But, truth is, I don’t think I even have the right to be mad because I was never too proud of my own culture, so how did I expect others to respect it? I woke up every day wishing I was someone else. Something else. It’s funny that one of the biggest issues my parents and I used to argue over was whether or not I could dye my hair. I spent years trying to convince my mother to let me dye my hair brown, just because I thought it would make me look less Asian, and. from what I was taught, that was beauty.
Whether I dyed it another color, the roots of my hair would be black and Vietnamese. My mother saw something deeper in the act of me wanting to dye my dark black hair a slightly less dark color. She saw it as an act of diluting my roots.
I saw myself as a bowl of Phở, and I felt misrepresented. I spent so long being angry at myself because I wished people would see me as something else, but I was just a bowl of Phở. I felt insulted any time anyone tried telling me they liked Phở because I felt like I was being pitied. I knew there was more to my culture, but I couldn’t make people see that. It’s unfortunate, but it’s true that we can’t make people understand every aspect of who we are. And I just thought that if people didn’t understand my culture fully, they wouldn’t really appreciate it, so there was no point in trying to make them understand. But I recognize now that people were actually being genuine when they told me they liked Phở, and even when they asked me about the Vietnam War– people only say those things in an attempt to connect to my culture and understand me more; I was just too protective of it to see.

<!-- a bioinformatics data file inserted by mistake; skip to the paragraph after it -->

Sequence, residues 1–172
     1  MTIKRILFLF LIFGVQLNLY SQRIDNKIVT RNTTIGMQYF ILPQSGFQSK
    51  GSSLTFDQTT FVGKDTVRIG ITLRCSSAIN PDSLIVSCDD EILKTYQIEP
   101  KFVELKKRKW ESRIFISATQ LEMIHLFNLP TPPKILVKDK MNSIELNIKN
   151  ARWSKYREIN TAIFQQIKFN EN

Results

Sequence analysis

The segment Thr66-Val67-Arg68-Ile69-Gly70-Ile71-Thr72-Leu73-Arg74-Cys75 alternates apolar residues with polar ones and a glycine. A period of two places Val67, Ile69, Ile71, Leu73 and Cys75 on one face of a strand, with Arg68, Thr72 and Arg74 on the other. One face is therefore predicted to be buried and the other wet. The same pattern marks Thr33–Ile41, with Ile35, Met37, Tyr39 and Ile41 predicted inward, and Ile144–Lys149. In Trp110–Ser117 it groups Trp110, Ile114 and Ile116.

There are three main components that make up a bowl of Phở, and I’ve come to accept and embrace that it represents who I am.
The noodles: this is the body of the dish. It’s thick… but it’s also really soft. It may seem transparent prior to being boiled, but once it’s boiled, it becomes so much more.
The meat: this is the mind of the dish. There are vegetarian options, but why would you do that to yourself? The meat is the best part. With beef originating from the North and chicken originating from the South, these are the two different traditions I grew up with.
In most Western food, garnish is overlooked– it’s almost never eaten and is shoved to the side with a look of disgust. Not so with Phở. Phở embraces every aspect of the bowl. There are so many extra toppings to include: cilantro, Vietnamese basil, coriander leaves, fresh chili, bean sprouts, I could go on… but point is, it’s very extra. There are so many components that at first glance, it may look chaotic. Individually, each component tastes different– some of it may not even be good– yet somehow it all works so well together. These are the bits of my personality that I can’t seem to individually identify, but I know it can only work all together.
Finally, the broth: this is the soul of the dish, the foundation of the Phở. It’s the component that gives the Vietnamese taste, and what makes it unique. Not a lot of people know this, but this takes the longest to cook, usually six to seven hours to cook perfectly. It’s sometimes left to simmer overnight. Not many people understand and appreciate how much effort it actually takes to make a bowl of Phở. Just like how it has taken me a long time to understand and appreciate the depths of my own culture, the broth is what I take pride in.
Being away from home, I have been deprived of good Vietnamese food. And because of that, when I’m home, I have learned to appreciate waking up on a Sunday morning to the smell of a bowl of Phở, carefully prepared by my mom the night before with all the love she has for it. I am finally able to see Phở in a more genuinely positive way. It’s hard to say it’s my favorite, but I have learned to appreciate Phở. It is a part of my cuisine, and it is who I am.
(Copyright 2018 Anh Nguyen)